When student-athletes start the recruiting process, one of their first questions is: “When can college coaches contact high school athletes?” For NCAA Division 1 and Division 2 volleyball, college coaches can start reaching out to recruits beginning June 15 after the athlete’s sophomore year. NCAA Division 3 and NAIA coaches don’t have any restrictions on when they can begin contacting recruits, but they generally do their recruiting later than Division 1 and Division 2 colleges. However, there are still more dates to follow regarding dead periods, official and unofficial visits and more. Read on to learn more about the NCAA volleyball recruiting rules and calendar.
The NCAA volleyball recruiting rules and calendar outline when and how college coaches can reach out to athletes. These rules are in place to protect athletes from receiving an overwhelming amount of contact from college coaches. However, they can be a little misleading as they don’t accurately represent when recruiting really starts. At the D1 and higher level D2 programs, coaches scout recruits prior to the June 15 contact date and many lock down top talent as soon as the contact date arrives. The important part is for athletes and families to be familiar with these rules, so they are ready for any opportunity that presents itself. What are the best volleyball colleges?
The important date to remember is June 15 after an athlete’s sophomore year of high school. This is when NCAA Division 1 and Division 2 volleyball coaches can start to contact athletes, including extending verbal offers, phone calls and electronic communications (such as emails, texts, instant messages, etc.). This contact date is just one of the recruiting rules athletes and families should brush up on.
The NCAA Division 1 volleyball recruiting rules outline when and how college coaches from Division 1 teams can start reaching out to prospects. As previously mentioned, June 15 after sophomore year of high school is the most important date for athletes and families to remember. Starting this date, coaches can extend verbal offers and can partake in almost all forms of communication.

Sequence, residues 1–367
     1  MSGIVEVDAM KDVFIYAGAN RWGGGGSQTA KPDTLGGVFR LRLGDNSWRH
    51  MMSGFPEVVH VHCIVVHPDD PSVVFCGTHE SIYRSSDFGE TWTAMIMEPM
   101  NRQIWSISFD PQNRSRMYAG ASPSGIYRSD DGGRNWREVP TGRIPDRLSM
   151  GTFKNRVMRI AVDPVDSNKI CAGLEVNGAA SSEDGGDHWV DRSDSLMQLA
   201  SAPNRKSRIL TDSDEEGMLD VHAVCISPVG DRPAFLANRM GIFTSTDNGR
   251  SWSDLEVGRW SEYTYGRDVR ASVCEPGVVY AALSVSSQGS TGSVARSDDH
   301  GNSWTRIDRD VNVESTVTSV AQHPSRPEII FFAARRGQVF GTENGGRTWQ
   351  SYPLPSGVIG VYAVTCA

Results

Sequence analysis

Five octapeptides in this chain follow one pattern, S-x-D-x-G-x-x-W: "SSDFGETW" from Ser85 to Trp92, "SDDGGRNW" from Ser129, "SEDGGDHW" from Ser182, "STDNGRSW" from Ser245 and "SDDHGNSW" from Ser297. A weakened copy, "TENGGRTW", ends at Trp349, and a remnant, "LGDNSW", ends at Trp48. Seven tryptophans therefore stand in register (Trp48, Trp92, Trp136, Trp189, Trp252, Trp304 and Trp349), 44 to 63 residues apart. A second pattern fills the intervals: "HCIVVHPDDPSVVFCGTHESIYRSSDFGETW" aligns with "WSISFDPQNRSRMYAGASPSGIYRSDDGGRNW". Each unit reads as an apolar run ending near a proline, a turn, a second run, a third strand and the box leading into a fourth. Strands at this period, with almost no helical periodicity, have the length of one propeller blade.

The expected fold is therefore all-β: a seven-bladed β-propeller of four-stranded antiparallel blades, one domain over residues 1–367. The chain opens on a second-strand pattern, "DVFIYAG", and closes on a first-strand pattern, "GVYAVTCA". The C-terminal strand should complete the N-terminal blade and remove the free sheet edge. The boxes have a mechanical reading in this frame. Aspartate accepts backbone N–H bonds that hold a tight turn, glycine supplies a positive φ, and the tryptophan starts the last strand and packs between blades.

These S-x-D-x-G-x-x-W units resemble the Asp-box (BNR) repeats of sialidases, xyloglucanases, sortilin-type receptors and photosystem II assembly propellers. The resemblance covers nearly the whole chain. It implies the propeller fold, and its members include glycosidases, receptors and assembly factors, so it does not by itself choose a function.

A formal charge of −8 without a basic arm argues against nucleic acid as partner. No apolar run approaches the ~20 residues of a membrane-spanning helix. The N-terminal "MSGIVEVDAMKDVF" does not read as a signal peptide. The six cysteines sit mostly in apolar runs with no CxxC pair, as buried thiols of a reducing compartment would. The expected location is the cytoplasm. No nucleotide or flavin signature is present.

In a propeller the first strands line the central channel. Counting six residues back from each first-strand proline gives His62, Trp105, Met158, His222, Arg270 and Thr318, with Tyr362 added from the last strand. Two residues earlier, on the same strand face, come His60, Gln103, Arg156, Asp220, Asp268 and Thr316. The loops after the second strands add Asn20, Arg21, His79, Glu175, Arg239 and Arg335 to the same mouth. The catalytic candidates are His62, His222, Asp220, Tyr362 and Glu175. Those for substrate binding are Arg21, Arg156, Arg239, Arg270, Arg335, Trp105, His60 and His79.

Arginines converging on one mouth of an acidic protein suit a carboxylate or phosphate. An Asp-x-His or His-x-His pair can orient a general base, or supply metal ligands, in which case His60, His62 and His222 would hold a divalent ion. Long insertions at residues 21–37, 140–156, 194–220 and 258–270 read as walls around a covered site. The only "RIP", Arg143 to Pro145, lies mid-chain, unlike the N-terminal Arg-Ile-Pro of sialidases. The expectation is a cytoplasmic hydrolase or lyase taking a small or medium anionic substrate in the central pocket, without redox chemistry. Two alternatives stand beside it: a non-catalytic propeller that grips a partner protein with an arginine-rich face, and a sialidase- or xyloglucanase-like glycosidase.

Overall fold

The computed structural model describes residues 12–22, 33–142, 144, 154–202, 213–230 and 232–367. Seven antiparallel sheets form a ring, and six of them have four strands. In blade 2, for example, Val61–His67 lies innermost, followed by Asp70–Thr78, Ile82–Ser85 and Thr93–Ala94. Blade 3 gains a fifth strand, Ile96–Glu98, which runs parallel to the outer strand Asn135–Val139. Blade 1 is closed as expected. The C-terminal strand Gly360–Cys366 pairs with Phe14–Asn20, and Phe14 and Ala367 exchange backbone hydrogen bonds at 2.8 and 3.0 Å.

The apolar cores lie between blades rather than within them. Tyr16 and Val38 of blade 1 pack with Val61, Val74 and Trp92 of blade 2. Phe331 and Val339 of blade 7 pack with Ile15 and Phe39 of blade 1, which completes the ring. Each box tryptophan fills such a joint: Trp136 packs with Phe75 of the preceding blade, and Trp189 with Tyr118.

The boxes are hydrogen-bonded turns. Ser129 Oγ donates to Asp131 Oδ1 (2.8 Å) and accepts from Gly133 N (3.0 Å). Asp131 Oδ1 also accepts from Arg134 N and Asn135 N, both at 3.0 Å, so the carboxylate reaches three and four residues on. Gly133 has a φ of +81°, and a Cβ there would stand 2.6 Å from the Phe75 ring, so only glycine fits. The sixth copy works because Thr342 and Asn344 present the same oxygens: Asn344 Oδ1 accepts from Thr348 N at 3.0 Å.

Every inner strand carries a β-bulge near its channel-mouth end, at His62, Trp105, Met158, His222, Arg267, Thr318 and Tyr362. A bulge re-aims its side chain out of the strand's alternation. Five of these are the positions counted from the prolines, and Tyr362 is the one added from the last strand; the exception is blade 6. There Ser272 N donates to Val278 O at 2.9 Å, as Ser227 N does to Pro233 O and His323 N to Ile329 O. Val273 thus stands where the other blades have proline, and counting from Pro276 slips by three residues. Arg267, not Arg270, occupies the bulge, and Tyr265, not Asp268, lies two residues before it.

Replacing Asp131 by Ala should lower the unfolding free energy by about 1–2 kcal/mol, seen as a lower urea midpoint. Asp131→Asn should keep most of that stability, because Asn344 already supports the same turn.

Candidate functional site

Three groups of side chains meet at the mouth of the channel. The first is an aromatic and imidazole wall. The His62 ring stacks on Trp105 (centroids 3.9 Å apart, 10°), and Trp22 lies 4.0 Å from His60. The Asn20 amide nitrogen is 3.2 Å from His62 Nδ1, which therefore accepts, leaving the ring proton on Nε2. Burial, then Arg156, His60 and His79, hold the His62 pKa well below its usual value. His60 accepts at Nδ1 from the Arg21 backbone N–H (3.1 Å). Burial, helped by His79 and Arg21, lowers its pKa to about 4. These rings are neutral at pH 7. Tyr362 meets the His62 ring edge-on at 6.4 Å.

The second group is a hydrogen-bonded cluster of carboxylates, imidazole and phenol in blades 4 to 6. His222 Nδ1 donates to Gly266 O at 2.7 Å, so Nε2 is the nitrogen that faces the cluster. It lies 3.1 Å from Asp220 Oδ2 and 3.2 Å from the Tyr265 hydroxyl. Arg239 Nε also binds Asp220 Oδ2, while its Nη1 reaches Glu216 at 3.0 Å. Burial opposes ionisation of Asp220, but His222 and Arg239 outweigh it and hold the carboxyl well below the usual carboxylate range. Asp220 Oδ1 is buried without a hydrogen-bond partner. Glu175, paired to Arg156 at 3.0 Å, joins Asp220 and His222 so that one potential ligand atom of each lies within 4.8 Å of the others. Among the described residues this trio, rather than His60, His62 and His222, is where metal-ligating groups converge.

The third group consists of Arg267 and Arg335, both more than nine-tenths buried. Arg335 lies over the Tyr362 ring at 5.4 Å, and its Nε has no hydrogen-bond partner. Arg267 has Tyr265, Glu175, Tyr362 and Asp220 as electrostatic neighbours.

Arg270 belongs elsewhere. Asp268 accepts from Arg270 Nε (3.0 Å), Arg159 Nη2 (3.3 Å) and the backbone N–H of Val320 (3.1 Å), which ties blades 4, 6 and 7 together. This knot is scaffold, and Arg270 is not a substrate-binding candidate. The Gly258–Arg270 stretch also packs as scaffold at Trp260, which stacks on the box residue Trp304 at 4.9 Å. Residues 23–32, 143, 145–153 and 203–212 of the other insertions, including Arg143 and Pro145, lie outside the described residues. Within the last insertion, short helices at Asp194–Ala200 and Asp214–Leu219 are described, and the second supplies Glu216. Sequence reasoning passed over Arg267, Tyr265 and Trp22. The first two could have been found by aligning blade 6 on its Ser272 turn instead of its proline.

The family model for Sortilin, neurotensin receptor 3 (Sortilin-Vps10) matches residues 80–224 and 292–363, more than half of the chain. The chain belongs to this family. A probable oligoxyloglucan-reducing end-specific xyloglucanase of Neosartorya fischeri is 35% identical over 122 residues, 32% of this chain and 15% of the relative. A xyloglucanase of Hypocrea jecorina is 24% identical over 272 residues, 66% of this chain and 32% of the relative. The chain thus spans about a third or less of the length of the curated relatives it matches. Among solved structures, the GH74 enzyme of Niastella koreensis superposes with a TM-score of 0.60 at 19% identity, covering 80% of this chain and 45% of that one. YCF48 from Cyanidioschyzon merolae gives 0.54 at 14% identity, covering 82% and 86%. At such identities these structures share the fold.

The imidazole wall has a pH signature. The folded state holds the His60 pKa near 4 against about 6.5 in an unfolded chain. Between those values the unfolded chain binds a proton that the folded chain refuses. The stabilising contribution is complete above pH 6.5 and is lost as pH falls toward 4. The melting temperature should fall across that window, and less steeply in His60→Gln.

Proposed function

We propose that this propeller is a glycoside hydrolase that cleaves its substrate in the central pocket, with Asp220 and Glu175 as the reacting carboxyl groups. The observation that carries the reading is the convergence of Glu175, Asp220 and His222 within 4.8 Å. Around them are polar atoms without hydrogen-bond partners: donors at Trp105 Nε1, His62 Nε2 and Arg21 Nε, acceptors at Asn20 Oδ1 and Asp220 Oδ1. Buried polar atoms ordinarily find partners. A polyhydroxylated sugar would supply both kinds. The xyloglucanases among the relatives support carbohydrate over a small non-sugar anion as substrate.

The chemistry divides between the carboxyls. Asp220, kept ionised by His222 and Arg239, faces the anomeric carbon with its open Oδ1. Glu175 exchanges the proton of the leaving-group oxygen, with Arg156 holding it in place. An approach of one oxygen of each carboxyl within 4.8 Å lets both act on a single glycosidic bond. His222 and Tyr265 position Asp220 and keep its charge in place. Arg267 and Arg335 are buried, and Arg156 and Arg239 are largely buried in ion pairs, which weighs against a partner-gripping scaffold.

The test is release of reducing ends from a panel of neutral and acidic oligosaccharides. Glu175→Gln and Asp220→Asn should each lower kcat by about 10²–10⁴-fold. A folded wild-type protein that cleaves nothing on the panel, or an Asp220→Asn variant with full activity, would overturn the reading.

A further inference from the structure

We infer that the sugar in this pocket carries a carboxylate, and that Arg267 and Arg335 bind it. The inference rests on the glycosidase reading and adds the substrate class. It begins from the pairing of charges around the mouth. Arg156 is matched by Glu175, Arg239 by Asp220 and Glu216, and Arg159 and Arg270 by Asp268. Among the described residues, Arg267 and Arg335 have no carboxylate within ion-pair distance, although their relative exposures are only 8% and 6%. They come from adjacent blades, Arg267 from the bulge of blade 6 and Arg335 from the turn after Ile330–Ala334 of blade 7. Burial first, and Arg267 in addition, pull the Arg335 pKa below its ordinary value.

The important date to remember is June 15 after an athlete’s sophomore year of high school. At this time, all contact is permitted for NCAA Division 2 volleyball coaches.
Of all the NCAA divisions, D3 volleyball colleges have the most relaxed NCAA recruiting rules. There are no restrictions on most forms of contact. There are only restrictions on when recruits can start taking official visits and have off-campus contact with coaches.
College coaches at NAIA schools have a lot of freedom in the recruiting process and are not restricted in when or how they can reach out to athletes. Even though recruiting rules are more lenient, NAIA coaches usually start the recruiting process after NCAA Division 1 and Division 2 coaches.
Throughout the year, there are certain time periods set forth by the NCAA that regulate the way coaches can recruit athletes at that time. Remember: It’s up to the coach to follow these recruiting rules. However, it’s also important for families to know what to expect from coaches throughout the year so that they can make the most of the recruiting process. For example, student-athletes should avoid planning their campus visits during a dead period, as the coach will not be able to meet with them during that time.
Also, the NCAA Division 1 volleyball recruiting calendar is more restrictive than the Division 2 volleyball calendar. For D2 volleyball, all dates outside of a dead period are treated as a contact period. For D3 volleyball, the entire school year is treated as a contact period.
Dead period: During the dead period, coaches may not have any in-person contact with recruits or their families. Coaches can still keep in touch with recruits via phone, email, social media and other approved electronic means of communication.
All other dates that don’t fit into the dead period are in the contact period, during which coaches can email, text, call, direct message and contact athletes and their parents through any NCAA-approved method.
Insider tip: Despite the impact that coronavirus had on college sports, as of June 1, 2021, the NCAA resumed its regular recruiting rules and activity! Coaches are actively working to fill their rosters, so student-athletes should be proactive in reaching out to coaches. Read up on how the extra year of eligibility granted to athletes who were most affected by the pandemic in 2020 will impact future recruiting classes.